Opioid Induced Hyperalgesia—Exploring Myth and Reality

Published on Jan 18, 2017

Concern over opioid abuse is amplifying interest in opioid induced hyperalgesia among governing bodies and payor organizations. Dr. Harden discusses the current state of the science surrounding OIH, including terminology, technology/methodology, and existing evidence. Additionally, he offers some observations on the 2016 CDC prescribing guidelines for primary care practitioners.

3 Responses

  1. Thank u again Mr Lawhern,,between u and Mr Areins,,,at least some are trying to get the truth out!!I plan on copying a bunch of ,”articles,” and start dropping them off w/my Doctors appointment in their waiting rooms,,,,,email address cut off the page of course,,but dammit,,,were dyeing out here,,and our government I believe,,,is happy about,,,THHATS SICKENING!!!maryw

  2. Please provide a summary of Dr Harden’s present affiliations, qualifications and background. I would greatly appreciate an opportunity to interview him for an article to be published on the American Council for Science and Health.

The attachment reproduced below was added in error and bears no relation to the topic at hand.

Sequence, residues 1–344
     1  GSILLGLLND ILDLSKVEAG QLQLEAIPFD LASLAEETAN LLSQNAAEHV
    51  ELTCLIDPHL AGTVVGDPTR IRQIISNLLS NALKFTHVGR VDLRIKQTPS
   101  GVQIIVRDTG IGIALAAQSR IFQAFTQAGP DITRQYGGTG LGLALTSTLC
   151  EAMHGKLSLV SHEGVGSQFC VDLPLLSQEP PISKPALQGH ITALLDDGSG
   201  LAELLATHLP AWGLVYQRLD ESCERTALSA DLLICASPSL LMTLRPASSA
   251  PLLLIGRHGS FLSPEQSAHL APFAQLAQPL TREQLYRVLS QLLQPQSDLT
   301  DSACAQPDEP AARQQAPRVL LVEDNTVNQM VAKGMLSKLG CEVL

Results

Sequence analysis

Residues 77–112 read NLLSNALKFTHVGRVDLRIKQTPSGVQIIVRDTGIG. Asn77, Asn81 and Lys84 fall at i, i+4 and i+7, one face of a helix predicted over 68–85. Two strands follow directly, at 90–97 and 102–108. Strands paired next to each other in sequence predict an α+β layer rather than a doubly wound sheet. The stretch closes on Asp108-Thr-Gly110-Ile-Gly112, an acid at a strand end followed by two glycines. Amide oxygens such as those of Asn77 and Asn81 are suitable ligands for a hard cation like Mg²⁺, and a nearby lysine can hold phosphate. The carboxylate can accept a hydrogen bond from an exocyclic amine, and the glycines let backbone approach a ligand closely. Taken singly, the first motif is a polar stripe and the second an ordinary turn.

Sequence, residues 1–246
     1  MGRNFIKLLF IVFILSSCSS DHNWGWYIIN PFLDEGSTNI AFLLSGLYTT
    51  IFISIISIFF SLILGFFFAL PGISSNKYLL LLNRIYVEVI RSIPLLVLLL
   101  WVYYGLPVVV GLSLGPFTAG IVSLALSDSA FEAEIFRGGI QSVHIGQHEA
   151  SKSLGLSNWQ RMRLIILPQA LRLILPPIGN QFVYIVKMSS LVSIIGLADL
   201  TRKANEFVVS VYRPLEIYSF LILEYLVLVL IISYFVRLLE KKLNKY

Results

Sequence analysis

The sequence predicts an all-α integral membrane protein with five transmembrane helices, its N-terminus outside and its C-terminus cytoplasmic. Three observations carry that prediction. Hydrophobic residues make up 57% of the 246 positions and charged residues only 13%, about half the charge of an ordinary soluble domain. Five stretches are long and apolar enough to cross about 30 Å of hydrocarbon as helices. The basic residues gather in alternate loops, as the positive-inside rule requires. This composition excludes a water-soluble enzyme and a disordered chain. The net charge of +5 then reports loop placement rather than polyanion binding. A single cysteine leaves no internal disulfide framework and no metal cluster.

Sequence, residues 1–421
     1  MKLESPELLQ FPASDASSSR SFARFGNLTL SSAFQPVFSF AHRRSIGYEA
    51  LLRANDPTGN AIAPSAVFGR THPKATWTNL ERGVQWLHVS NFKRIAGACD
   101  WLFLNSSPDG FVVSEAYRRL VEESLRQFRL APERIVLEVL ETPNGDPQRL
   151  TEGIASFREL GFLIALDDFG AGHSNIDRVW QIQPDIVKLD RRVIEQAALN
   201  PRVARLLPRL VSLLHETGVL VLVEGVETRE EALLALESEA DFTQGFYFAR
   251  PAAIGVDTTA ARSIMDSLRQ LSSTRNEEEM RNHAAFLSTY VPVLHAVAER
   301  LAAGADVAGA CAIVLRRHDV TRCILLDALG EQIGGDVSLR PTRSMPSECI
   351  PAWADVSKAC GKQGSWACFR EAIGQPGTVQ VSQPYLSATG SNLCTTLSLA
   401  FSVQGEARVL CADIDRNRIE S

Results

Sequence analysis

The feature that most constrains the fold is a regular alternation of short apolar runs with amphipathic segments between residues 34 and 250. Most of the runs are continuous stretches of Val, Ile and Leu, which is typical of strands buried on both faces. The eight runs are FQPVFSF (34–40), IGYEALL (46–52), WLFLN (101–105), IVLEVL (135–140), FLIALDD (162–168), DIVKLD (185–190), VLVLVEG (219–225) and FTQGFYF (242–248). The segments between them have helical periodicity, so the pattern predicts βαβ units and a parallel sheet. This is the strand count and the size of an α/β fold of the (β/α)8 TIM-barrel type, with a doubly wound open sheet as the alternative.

I also invite Dr Harden to comment at length on two articles published by the Journal of Medicine of the National College of Physicians:

    The CDC’s Fictitious Opioid Epidemic, Part 1 (January 15, 2017)

    The CDC’s Fictitious Opioid Epidemic, Part 2 (April 15, 2017)

    This article is re-published from its original appearance on the National Pain Report under the title “How Would Prescription Opioid Guidelines Read if Patients Wrote Them?” It has also been introduced in the April 11th online issue of PAINWeek, with the title “What if Prescribing Guidelines Were Patient Centered?”


  3. Well that explains part of why their soooooo inhumane towards us,,,,,they think were rats,,,WTF!!!!!!!!!!!!maryw

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